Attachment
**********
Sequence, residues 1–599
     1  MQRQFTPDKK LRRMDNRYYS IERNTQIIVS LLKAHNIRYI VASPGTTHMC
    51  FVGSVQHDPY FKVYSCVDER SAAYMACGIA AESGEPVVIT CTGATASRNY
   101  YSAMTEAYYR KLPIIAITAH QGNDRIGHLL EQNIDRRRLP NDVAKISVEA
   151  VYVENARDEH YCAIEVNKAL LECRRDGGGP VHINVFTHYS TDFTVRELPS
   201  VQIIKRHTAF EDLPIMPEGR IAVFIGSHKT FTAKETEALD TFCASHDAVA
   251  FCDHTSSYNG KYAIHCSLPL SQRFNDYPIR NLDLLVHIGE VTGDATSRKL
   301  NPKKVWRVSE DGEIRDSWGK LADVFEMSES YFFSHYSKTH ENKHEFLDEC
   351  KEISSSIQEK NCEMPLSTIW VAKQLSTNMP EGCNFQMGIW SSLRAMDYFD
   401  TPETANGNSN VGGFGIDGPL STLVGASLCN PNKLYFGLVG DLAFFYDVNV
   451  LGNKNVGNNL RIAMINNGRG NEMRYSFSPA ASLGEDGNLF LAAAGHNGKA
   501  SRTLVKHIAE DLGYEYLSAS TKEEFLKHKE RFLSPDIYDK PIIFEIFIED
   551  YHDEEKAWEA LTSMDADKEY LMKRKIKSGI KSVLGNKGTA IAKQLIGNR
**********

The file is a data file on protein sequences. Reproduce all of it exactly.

Sequence, residues 1–599
     1  MQRQFTPDKK LRRMDNRYYS IERNTQIIVS LLKAHNIRYI VASPGTTHMC
    51  FVGSVQHDPY FKVYSCVDER SAAYMACGIA AESGEPVVIT CTGATASRNY
   101  YSAMTEAYYR KLPIIAITAH QGNDRIGHLL EQNIDRRRLP NDVAKISVEA
   151  VYVENARDEH YCAIEVNKAL LECRRDGGGP VHINVFTHYS TDFTVRELPS
   201  VQIIKRHTAF EDLPIMPEGR IAVFIGSHKT FTAKETEALD TFCASHDAVA
   251  FCDHTSSYNG KYAIHCSLPL SQRFNDYPIR NLDLLVHIGE VTGDATSRKL
   301  NPKKVWRVSE DGEIRDSWGK LADVFEMSES YFFSHYSKTH ENKHEFLDEC
   351  KEISSSIQEK NCEMPLSTIW VAKQLSTNMP EGCNFQMGIW SSLRAMDYFD
   401  TPETANGNSN VGGFGIDGPL STLVGASLCN PNKLYFGLVG DLAFFYDVNV
   451  LGNKNVGNNL RIAMINNGRG NEMRYSFSPA ASLGEDGNLF LAAAGHNGKA
   501  SRTLVKHIAE DLGYEYLSAS TKEEFLKHKE RFLSPDIYDK PIIFEIFIED
   551  YHDEEKAWEA LTSMDADKEY LMKRKIKSGI KSVLGNKGTA IAKQLIGNR